With only an estimated 53,000 new cases reported in the United States annually, pancreatic cancer is far from being the most commonly diagnosed form of this disease. This diagnosis, however, can be one of the most troubling for patients. With an estimated five-year survival rate of less than 10 percent, this form of cancer has the dubious distinction of being one of the deadliest. In fact, an estimated 41,000 Americans die from this cause each year.
Considering the discouraging statistics surrounding pancreatic cancer, it should come as little surprise researchers are working around the clock to better understand this form of cancer. They are also dedicated to finding ways to better detect this disease and beat it if it is diagnosed. A recent study into the role pancreatic cysts may play in the cancer’s development is helping enhance understanding.
To gain insights into the significance of pancreatic cysts as a precursor for cancer, researchers recently looked into the records of more than 500,000 patients. Of that large number, nearly 760 were diagnosed with pancreatic cysts. Over the course of time, just under 20 were ultimately diagnosed with pancreatic cancer. In the much larger, non-cyst group, more than 1,200 were diagnosed with pancreatic cancer down the road.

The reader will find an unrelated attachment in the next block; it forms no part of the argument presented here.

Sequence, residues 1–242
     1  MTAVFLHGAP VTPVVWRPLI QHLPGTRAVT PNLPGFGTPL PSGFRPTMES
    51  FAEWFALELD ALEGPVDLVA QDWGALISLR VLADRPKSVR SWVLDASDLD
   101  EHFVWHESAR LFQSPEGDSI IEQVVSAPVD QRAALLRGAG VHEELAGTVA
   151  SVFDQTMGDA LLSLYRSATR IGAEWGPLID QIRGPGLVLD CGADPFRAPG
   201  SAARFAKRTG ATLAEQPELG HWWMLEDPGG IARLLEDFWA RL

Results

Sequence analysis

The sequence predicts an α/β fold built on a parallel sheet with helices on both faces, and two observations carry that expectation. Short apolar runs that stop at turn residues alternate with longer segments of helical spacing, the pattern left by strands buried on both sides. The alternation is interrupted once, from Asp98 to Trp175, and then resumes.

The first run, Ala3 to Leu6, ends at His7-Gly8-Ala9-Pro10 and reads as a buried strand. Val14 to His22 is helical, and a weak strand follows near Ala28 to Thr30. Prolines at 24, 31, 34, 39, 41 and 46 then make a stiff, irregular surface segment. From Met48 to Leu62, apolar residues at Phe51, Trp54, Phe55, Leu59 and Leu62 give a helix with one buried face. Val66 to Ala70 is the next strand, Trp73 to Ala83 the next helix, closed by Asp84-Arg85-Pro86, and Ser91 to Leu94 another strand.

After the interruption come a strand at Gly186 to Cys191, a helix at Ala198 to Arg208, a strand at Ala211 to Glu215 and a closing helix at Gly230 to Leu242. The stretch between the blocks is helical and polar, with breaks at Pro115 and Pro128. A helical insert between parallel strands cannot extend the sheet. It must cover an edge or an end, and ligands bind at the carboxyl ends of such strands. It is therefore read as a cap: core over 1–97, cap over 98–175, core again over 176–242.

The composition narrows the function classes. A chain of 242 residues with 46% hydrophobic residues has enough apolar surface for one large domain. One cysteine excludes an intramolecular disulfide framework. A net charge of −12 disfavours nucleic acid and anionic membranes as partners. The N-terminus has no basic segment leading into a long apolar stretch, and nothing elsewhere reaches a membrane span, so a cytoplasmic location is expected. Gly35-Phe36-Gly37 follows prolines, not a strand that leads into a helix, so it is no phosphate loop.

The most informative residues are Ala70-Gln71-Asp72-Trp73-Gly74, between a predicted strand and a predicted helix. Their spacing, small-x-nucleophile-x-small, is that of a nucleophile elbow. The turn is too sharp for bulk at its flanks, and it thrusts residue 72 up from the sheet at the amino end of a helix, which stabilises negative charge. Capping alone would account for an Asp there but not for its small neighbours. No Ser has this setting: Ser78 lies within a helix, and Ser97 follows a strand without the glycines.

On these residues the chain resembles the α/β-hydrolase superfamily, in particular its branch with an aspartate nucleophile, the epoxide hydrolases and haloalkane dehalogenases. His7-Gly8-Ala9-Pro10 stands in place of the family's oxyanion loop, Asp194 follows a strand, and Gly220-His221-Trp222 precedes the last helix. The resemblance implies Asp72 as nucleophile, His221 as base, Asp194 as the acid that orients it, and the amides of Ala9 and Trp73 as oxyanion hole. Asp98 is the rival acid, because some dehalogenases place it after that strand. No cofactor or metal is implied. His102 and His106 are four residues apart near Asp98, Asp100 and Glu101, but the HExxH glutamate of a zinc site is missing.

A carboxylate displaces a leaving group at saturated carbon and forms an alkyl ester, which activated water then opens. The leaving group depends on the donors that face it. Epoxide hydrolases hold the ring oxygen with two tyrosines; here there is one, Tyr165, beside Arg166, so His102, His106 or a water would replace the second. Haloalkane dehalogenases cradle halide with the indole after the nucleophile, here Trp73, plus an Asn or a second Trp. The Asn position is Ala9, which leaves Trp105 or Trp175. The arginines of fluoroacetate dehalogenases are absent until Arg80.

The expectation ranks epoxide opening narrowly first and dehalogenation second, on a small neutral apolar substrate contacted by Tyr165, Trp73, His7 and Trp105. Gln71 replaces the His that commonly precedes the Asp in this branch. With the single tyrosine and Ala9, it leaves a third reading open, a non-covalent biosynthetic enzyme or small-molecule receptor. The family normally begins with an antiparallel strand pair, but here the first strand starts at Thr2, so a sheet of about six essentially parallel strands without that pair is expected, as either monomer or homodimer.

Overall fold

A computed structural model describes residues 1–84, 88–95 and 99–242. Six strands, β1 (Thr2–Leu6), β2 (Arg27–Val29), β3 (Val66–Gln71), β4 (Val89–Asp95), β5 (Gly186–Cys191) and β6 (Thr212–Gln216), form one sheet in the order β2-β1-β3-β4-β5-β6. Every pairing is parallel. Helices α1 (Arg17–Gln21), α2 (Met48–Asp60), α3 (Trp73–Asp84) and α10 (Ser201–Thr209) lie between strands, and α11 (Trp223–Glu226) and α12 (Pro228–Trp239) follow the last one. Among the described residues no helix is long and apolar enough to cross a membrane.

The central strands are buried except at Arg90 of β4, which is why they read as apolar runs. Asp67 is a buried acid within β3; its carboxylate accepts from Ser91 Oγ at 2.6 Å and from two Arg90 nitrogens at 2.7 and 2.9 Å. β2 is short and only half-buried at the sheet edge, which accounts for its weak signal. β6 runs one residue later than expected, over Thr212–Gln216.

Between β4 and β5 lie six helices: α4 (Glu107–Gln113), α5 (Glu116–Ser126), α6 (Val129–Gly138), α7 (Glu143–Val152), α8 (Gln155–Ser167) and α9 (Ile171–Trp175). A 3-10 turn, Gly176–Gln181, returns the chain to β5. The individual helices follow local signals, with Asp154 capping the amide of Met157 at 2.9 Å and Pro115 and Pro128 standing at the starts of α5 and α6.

The relatively high percentage of people in the cyst group who received a diagnosis of cancer eventually shows that cysts can serve as a bellwether for pancreatic cancer, researchers say. In fact, those with cysts were found to be about 19.6 times more likely to develop pancreatic cancer than those without.
While more research is required to better understand the role pancreatic cysts may play in an eventual diagnosis of cancer, the current findings are significant. If the link between cysts and cancer holds up more readily under study, it could serve as a way for doctors to help prevent the eventual formation of pancreatic cancer.
At present, pancreatic cancer is among the hardest forms of the disease to detect in its earlier stages. The disease presents with very few symptoms at first, if any. Widespread screening tests are also not available for this form of the disease.
People who are diabetic, have suffered from pancreatitis and have a family history of pancreatic cancer are among those at risk for this disease. If pancreatic cancer is a concern, it is advised that a discussion with a personal healthcare provider take place to assess personal risks. If caught early, pancreatic cancer can sometimes be successfully treated.